In a “timeline” she put in her dissenting opinion, Sereno narrated that on Nov. 23, “The Clerk of Court informs J. Carpio that CJ Corona sent in his own handwritten corrections on the typewritten draft [Nov. 18] Resolution from J. Velasco with the instruction that the Chief Justice’s version is to be immediately promulgated. CJ Corona’s version is to the effect that petitioners [Arroyos] have complied with the conditions for the issuance of the TRO, and that it is in full force and effect.”
 
Sereno included in her dissenting opinion Carpio’s formal letter addressed to the Chief Justice, requesting to stop the promulgation of Corona’s version of the resolution “until the justices are able to meet on the matter,” and stating “that the version sent by the Chief Justice compounds the error of the 18 November 2011 Resolution.”
 
Velasco responds: Sereno broke ‘confidentiality’ rule
 
Velasco said Sereno wrote in her dissenting opinion “excerpts” of “confidential matters taken up during the November 18, 2011 and November 29, 2011 En Banc sessions.”  He stressed, “They cannot be incorporated in an opinion of a member of the Court as this will be tantamount to a proscribed disclosure to outside parties even if contained in an opinion.  Justice Sereno has not shown that such disclosure is allowed by any rule of the IRSC or authorized by the Court.”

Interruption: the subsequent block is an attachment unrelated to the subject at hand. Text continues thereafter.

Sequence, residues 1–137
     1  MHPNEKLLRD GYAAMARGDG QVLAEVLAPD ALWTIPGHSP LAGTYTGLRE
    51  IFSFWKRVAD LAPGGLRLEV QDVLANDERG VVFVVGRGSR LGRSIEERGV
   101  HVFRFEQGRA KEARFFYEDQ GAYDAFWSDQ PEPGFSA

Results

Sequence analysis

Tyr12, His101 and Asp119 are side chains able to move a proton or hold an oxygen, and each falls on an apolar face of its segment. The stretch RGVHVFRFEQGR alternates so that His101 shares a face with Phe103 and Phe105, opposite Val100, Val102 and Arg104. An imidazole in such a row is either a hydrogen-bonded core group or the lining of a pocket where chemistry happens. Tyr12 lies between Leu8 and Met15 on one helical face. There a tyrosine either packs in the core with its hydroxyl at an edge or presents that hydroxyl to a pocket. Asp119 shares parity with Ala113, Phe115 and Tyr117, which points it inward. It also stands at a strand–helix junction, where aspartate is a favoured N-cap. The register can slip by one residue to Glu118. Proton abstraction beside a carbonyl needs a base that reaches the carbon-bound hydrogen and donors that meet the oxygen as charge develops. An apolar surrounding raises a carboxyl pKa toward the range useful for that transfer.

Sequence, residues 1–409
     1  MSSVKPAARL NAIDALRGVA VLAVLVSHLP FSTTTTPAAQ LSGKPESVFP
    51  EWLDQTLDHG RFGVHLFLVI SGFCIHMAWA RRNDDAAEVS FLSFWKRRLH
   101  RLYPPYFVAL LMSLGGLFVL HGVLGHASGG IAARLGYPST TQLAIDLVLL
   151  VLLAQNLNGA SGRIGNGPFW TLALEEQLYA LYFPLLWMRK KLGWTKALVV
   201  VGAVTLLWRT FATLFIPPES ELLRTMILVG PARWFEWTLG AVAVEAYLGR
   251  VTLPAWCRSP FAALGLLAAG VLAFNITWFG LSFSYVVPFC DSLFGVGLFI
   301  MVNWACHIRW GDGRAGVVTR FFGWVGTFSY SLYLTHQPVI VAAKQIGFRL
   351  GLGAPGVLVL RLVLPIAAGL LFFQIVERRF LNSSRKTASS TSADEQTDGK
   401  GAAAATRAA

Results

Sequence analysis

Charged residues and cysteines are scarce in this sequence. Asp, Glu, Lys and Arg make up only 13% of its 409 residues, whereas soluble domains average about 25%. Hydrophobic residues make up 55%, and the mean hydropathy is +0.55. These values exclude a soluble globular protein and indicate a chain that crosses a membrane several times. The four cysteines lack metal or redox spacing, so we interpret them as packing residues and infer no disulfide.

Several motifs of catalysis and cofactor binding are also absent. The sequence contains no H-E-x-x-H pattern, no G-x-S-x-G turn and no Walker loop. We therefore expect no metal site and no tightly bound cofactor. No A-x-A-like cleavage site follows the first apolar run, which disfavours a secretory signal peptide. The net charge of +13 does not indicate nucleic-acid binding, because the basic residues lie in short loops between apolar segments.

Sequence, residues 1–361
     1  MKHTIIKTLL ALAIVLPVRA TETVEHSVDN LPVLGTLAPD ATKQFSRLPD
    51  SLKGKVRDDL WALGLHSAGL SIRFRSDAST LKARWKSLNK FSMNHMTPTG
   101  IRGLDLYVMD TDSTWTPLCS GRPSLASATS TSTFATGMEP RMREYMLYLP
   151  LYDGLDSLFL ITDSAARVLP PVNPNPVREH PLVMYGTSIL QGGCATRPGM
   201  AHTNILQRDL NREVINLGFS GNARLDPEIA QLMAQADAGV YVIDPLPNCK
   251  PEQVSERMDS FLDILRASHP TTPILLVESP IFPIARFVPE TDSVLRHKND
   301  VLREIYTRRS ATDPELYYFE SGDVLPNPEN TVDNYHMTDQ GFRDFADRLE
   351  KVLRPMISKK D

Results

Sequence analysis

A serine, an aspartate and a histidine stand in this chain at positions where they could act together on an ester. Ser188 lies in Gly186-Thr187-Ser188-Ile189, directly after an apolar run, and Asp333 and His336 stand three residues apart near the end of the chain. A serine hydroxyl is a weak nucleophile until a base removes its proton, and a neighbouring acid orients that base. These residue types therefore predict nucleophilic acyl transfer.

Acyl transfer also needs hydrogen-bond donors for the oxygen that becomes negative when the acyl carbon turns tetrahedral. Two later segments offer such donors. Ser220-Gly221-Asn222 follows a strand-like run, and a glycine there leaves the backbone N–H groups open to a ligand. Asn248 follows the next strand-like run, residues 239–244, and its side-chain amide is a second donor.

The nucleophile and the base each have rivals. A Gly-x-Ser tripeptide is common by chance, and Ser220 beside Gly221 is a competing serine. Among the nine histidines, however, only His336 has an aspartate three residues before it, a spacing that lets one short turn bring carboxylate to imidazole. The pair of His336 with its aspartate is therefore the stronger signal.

Velasco wrote in his separate opinion the very same “excerpts” Sereno cited but which he found to be “confidential matters”.  He said, “I recommend that the portions of the unpromulgated Dissenting Opinion of Justice Sereno delving on what under the Rules are considered confidential be expunged for being violative of Sec. 2, Rule 10 of the IRSC.  In the same token, confidential matters contained in this separate opinion should likewise be expunged in the event the Court decides to adopt the recommendation herein  made.”